I graduated college in 1979 (yeah, I know…. makes me about 35, right?). Back then our college Comp Sci department had less processing power than a modern toaster. There was talk, probably apocryphal, of a PDP-11 somewhere in the building, but we in the Physics department cut our teeth on a PDP-8, which had less processing power than a modern slice of toast. Nonetheless, we made do, learning machine code, assembly language and FORTRAN, booting up the machine with a strip of paper tape and entering our programs via punched cards.
My first job post-college was working on flight simulator control loading systems at Link-Miles in Lancing on the south coast of England, for the princely sum of 4000 pounds a year. Plus shift differential, of course, flight simulation being a 24/7 kind of business.
Flight simulators were all unique, depending on the particular avionics fit of the aircraft we were simulating. The control loading was overwhelmingly analog. At age 35, my memory isn't what it was, but essentially a load cell, located at the base of the control yoke, translated pilot inputs into a force, which was then integrated twice (using opamps and capacitors, of course) to produce both velocity and position terms. These then drove a hydraulic servoactuator which moved the yoke to provide feedback modeled on real aircraft behavior. Along the way, inputs were added into the equation representing flight surface loading, cable stretch, stiction, and so on. All in all, a classic old-school control loop.
The whole control loop was implemented on wire-wrap boards. If you needed to add another term to an equation, you would manually wire in a new socket or two, add a couple of op amps and a few passive components, then test it out. If it worked, you'd mark up the schematic, turn it into the drafting department and you were done. Quality control? Functional safety? Hahahahahaha.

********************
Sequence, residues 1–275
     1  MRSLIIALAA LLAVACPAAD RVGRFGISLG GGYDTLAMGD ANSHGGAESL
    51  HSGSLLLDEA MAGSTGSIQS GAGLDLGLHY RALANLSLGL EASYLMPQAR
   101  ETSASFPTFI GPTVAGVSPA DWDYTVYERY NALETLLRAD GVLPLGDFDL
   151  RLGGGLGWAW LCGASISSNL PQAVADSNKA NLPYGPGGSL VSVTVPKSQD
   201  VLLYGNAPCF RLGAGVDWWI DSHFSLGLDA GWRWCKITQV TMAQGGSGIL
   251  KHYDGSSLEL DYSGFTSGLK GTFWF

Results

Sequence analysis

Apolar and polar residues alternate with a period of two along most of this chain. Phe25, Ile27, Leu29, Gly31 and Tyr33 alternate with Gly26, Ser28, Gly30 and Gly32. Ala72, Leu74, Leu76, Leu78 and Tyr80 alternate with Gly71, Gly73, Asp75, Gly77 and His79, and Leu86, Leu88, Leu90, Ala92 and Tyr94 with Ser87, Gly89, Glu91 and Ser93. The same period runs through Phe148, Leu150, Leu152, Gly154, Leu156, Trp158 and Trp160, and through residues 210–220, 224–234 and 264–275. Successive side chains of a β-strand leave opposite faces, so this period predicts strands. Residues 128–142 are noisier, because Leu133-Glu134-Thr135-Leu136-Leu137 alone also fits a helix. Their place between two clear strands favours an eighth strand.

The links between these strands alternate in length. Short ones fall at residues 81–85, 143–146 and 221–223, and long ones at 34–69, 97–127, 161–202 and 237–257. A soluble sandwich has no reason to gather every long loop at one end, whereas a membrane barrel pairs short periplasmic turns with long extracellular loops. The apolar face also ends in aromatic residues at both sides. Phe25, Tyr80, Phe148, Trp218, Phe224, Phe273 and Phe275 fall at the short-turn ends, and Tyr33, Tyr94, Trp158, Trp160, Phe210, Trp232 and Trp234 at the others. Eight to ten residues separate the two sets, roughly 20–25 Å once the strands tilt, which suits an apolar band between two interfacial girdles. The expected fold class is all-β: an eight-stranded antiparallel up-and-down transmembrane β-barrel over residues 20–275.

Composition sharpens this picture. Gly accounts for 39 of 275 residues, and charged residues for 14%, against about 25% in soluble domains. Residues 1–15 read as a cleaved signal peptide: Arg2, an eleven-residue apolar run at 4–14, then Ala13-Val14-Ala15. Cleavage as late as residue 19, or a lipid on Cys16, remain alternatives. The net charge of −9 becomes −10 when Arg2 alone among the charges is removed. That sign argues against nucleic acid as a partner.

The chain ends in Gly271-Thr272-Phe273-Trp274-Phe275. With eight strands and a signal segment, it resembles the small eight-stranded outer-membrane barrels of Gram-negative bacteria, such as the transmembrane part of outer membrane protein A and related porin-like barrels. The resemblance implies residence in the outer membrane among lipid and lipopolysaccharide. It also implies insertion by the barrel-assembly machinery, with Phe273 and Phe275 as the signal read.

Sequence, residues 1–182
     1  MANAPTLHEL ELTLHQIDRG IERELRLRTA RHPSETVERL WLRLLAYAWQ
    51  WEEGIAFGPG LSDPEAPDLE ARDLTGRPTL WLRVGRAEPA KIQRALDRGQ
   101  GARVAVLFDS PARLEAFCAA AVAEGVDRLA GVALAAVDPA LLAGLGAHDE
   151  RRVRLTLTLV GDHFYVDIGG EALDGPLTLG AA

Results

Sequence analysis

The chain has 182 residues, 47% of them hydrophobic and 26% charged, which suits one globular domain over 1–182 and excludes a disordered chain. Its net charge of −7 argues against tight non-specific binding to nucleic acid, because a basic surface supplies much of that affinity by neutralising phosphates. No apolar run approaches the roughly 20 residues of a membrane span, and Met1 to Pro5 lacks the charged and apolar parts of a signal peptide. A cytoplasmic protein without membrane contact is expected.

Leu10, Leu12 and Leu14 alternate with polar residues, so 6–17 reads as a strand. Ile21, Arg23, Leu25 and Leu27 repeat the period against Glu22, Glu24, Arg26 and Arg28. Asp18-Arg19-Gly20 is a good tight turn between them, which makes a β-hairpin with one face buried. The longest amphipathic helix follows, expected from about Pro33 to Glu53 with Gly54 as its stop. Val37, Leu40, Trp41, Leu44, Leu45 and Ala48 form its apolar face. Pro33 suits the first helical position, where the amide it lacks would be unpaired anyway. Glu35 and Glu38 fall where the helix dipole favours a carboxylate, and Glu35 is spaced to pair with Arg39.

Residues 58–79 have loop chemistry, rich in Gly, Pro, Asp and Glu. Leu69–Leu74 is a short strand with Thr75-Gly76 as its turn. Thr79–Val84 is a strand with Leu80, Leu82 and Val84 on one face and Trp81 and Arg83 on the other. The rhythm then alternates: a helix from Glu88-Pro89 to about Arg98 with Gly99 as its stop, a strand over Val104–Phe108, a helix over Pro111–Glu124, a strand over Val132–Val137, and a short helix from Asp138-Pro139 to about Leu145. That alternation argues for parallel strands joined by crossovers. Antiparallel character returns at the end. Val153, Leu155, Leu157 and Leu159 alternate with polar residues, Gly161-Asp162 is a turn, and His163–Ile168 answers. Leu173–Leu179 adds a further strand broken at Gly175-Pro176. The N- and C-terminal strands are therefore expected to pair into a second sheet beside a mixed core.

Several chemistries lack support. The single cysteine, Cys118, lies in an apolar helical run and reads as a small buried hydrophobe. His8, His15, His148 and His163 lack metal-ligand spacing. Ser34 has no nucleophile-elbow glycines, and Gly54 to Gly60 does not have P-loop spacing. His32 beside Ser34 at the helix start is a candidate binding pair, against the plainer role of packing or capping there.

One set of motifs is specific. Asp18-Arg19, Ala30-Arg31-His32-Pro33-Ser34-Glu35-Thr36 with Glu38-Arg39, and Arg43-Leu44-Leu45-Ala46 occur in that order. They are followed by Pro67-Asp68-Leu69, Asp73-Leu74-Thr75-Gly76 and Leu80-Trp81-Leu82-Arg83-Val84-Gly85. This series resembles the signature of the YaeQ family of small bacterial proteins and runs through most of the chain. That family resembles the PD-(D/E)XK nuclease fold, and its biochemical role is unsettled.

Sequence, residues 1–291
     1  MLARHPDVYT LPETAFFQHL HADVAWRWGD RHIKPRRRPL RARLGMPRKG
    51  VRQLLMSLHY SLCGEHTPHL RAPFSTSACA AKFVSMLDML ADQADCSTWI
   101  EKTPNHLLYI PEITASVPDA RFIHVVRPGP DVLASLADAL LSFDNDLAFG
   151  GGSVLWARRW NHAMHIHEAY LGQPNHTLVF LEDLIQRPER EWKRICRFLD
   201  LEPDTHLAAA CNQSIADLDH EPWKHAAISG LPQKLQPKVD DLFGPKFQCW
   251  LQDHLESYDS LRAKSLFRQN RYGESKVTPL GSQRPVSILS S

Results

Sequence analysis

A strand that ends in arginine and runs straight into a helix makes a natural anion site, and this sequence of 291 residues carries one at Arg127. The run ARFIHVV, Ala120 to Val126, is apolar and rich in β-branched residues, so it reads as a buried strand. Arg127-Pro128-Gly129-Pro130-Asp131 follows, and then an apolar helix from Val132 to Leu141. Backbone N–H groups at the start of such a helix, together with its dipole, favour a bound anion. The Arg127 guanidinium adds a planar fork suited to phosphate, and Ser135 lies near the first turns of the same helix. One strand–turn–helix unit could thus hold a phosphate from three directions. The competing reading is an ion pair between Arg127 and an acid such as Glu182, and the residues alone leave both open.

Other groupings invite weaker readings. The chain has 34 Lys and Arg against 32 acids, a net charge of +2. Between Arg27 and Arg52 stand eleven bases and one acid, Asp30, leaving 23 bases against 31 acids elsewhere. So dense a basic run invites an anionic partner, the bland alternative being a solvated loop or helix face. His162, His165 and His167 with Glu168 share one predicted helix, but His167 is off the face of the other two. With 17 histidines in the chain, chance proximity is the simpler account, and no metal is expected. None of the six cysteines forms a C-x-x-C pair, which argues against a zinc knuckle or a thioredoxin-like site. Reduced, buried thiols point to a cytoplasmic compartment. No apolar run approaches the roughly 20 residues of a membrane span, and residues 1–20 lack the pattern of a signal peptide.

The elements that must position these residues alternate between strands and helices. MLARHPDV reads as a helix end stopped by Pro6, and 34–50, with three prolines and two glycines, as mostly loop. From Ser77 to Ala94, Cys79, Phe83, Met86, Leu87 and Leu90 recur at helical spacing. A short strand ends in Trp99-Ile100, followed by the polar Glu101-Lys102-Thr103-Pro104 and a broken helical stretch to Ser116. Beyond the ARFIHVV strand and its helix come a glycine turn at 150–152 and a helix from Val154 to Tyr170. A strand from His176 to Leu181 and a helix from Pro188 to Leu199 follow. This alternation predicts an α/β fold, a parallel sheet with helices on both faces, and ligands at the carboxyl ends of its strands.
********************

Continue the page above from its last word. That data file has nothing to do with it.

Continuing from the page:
Need some logic functions? Crack open the Texas Instruments orange 7400 book. One of these days I'll find a use for some of those bit-slice parts. Analog? I always started with the Burr-Brown data book, because it contained almost magical functional blocks like analog dividers and log amps that went down to DC. Never found a use for those either, sadly.
To quote Ellen DeGeneres – my point…and I do have one, is this: back then, working as a professional EE was like being a home hobbyist on steroids. Much of what we did, at least on the hardware side, wasn't too far removed from what you might do tinkering at home in your garage.
And just like at home, we felt an almost parental involvement in the final product – perhaps because we designed, built, tested and approved our own (admittedly minor) piece of it, with no committees, peer review boards, or any of
that nonsense those indispensable components.
Contrast that to the current situation. The increasing complexity of current engineering applications has led to each project being shared among dozens, if not hundreds, of people distributed worldwide.
And I think we've lost something along the way in terms of job satisfaction. I'm sorry, but being a small cog in the vast machine that's the 21st-century cross-functional team, doesn't give me quite the same, well, buzz.
What say you?